Coppelion: Future- A second episode discussion
October 10, 2013
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Coppelia actual, this is Coppelia zero-one. Ojective Neptune is secure; we are at grid coordinates tango whiskey zero five six six two eight. Requesting immediate extraction. How copy?
Coppelion turns out to have been named after Coppélia, a French ballet where a life-sized doll created by Dr. Coppelius, ensnares the heart of Franz; he is saved only by Swanhilde’s hand, his one love. Anime is draws inspiration from Western elements, weaving it seamlessly into the plot. Coppelion is no exception; the Coppelion team take after the ‘living doll’ aspect, being genetically engineered and built from the ground up. Well aware of this, Ibara and the others nonetheless express very human emotions throughout the course of the episode as they attempt to save a young girl and react to mention that they are not human. Thus, this second episode acts as more of a demonstration that the Coppelion team, though capable, are still high school girls at heart and struggling to deal with their existence as genetically created beings.
- The Coppelion team might be similar to Spartan IIIs in age and performance, Taeko is strong enough to throw someone larger off her, and previously, we’ve seen Ibara jump down a four metre drop without sustaining much injury.
- It turns out that the unknown man is Mitsuo Kawabata; bringing the girls to his home, he and Yukiko asks for their help in finding their daughter, Miku.
- It’s somewhat unexpected to see that there are no discussions on what constitutes as a human and the moral implications of genetic engineering. While familiar with the materials, having taken a genomics and society course a year ago, I don’t particularly feel inclined to argue about the benefits and detriments of introducing accessible genetic engineering to society.
- Instead, most talk has now turned to the unusual art style in the series, encompassing the character outlines and filtering on the scenery. I guess most of those engaged in complaints about the series can only apply fancy words in forum conversations and posts using MS Office’s built-in thesaurus, but actually may not have the background to talk about anything beyond that. All I can say is look on the bright side- at least there’s absolutely no rotoscoping in Coppelion!
- I’ve heard many individuals say they’re planning on dropping this anime if things don’t shape up after episode three. The three episode rule is one I generally observe: if an anime doesn’t hold my interest after three, I probably won’t invest any more time into it unless something catches my eye midway into the season or at the end. For now, I’ll stick around, since things could get interesting: it’s not often that we have an anime inspired by Pripyat and The World Without Us.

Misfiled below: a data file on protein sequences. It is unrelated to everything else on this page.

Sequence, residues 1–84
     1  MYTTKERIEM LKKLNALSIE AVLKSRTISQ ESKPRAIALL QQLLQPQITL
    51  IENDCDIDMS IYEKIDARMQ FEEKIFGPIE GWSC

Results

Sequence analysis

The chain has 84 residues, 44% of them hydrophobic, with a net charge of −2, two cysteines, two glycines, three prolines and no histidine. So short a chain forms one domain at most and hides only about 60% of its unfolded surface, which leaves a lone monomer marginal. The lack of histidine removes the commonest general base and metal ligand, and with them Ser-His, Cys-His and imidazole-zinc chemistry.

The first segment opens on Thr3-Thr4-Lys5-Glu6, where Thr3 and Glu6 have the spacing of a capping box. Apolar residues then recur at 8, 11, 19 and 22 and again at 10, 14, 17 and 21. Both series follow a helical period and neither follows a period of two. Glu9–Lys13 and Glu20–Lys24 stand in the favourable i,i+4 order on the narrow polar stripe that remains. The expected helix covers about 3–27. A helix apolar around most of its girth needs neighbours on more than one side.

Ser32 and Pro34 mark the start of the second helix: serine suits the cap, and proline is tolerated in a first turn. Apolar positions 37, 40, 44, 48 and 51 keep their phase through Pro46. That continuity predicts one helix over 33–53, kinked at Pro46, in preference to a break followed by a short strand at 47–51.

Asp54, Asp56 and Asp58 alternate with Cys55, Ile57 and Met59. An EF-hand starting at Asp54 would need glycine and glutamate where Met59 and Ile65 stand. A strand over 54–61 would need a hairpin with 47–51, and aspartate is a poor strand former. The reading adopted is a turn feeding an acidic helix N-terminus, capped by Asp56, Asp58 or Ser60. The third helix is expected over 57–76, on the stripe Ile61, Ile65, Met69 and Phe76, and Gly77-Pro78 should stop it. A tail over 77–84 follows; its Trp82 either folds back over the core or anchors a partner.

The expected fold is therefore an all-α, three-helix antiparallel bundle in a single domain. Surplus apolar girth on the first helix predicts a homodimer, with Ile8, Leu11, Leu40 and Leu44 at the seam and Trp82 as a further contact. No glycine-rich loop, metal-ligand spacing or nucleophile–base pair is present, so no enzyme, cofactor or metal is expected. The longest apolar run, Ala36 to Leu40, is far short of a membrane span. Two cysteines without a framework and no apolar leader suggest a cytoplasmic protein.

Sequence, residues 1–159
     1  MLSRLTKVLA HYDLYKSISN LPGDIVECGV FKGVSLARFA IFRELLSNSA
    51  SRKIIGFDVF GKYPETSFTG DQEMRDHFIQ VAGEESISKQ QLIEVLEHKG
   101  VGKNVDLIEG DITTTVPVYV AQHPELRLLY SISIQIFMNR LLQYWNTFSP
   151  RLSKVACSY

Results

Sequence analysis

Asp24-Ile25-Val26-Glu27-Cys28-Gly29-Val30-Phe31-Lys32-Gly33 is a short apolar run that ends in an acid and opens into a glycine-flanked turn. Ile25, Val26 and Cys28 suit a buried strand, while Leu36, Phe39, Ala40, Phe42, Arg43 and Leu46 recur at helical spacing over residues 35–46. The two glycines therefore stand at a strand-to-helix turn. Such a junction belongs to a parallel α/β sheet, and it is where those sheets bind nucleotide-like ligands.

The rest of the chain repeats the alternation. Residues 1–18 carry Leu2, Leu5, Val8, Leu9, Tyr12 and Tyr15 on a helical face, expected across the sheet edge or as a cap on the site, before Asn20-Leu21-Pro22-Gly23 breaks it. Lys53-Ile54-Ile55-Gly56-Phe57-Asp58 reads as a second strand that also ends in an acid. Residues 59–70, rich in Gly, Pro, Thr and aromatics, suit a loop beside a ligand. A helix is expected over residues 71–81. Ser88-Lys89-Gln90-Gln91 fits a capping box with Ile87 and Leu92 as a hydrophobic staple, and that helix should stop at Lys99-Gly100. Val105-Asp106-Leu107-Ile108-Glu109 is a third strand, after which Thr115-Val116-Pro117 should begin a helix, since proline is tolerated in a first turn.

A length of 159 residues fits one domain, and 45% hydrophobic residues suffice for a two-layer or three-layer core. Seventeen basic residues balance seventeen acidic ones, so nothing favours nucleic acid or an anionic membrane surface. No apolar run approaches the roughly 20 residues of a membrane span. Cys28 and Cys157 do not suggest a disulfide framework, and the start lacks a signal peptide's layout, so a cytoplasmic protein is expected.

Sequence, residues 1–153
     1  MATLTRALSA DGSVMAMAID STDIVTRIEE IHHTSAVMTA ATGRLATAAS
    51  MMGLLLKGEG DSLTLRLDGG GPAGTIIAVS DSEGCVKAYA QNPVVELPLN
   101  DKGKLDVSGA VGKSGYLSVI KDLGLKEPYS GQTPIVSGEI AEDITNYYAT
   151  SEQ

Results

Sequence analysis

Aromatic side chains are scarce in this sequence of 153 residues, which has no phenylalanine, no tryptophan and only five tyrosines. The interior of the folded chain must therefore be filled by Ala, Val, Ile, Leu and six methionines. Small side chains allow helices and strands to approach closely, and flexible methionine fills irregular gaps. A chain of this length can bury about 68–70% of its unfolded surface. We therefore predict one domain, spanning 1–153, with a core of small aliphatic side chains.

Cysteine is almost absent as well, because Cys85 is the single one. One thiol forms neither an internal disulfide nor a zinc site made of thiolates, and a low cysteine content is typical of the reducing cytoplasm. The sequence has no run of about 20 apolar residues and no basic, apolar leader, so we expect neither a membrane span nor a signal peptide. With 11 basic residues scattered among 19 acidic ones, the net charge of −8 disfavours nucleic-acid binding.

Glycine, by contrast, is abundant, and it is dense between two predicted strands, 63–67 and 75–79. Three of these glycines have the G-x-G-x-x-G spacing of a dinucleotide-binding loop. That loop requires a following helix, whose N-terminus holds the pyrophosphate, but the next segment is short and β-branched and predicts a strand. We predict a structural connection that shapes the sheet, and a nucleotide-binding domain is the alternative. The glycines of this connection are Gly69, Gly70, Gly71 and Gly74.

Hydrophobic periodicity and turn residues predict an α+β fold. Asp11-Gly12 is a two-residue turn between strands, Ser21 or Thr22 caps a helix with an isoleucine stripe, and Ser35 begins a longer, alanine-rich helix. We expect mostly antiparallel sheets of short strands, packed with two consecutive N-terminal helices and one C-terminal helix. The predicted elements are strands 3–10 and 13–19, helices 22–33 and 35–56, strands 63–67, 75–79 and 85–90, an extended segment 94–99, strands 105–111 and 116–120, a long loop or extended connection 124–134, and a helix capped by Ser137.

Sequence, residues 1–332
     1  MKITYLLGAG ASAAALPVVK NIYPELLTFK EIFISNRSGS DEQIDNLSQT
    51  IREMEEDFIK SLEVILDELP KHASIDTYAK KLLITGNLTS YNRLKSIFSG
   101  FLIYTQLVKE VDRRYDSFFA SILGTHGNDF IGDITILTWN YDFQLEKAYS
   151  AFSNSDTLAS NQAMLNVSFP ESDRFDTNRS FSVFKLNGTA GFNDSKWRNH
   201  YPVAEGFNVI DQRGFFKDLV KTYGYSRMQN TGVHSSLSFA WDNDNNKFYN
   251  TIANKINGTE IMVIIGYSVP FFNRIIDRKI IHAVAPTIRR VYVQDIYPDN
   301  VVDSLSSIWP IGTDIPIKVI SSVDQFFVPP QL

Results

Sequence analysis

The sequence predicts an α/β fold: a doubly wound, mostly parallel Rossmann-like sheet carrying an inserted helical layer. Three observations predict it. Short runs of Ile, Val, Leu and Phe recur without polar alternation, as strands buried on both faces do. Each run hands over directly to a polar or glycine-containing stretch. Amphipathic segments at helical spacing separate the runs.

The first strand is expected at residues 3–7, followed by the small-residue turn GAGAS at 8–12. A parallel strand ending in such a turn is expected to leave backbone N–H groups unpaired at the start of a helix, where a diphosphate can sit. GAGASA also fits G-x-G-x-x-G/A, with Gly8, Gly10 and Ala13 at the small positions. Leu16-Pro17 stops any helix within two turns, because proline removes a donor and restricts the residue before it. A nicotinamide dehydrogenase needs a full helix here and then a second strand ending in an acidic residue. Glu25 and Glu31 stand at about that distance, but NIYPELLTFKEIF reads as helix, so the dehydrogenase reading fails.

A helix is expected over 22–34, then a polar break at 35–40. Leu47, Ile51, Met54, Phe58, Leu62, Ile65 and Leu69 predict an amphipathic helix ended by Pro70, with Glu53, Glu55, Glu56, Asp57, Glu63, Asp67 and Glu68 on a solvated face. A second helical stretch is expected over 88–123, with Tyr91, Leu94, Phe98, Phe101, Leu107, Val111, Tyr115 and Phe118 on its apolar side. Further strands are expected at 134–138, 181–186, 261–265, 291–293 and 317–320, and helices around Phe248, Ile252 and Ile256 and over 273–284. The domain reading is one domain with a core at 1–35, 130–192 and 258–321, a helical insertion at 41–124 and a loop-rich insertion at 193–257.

- The leaning hotel turns out to be relevant: Yukiko reveals that she and Mitsuo were criminals who escaped following the nuclear meltdown and have been living as a family ever since: Miku left on her own to visit her biological mother’s grave, leading to the events here. Declaring that she won’t abandon her family as she did previously, fearing arrest will lead to them returning to jail: a standoff between her and Ibara ensues.
- In Metro: Last Light, players had to replace their filters every five minutes but didn’t have any cumbersome oxygen tanks. The Hazmat suits recovered from survivors turn out to be more effective at minimising exposure to the radioactivity than the latest barrier suits fielded by the military; I’m wondering if this will be relevant in the future.
- Ibara breaks into tears mid-negotiation about her status as a Coppelion, managing to save Miku but not Yukiko. I’m still not absolutely certain as to whether or not Ibara’s reaction is genuine or not, but I’m inclined to believe it might have been staged to play on Yukiko’s emotions.
- Despite rescuing Miku, Mitsuo and Yukiko lose their lives. The entire Coppelion team is disheartened; whereas trained soldiers would probably remark that there was nothing more they could have done, having a team with the mentality of high school students does allow for more drama. I recall a scene in Battlefield 3 where Commander Cole says that “things happen in a war” after most of their squad is wiped out in a valley against Russian forces.
- The future directions in Coppelion can’t be predicted beyond what the previews provide, so I’ll hold off on the speculation and remain content to merely watch things as they progress. This episode is called “Future”: I remark that this anime might not have a future with other viewers unless they make some defecation hit the oscillation, and soon.
The second episode ends up feeling like a mission right out of Metro: Last Light; upon finding a family who remained behind owing to their status as criminals, Ibara, Taeko and Aoi are fielded to go rescue the family’s child. They succeed in rescuing the child but are unable to save the mother or father, reminding viewers that death is not considerate or fair. Death is impatient, and that in a post-accident Tokyo, anyone can face death. The Coppelion team may have training and genetic enhancements, but they nonetheless can err. Discussions elsewhere have focused on the plot so far; at the current rate of progression, it is not dissimilar to an open world adventure, allowing the girls to explore old Tokyo and helping any survivors they encounter. Of course, it’s still early in the game, but I do hope that the plot is pushed in the direction such that there are unifying elements to make the girls’ actions significant in some way. Other than that, with little discussion on the morality of genetic engineering or the use of nuclear power, I’m probably going to stand down and return at the halfway point to do a mid-season reflection, given that there isn’t much I actively need to append thoughts to (or dispel).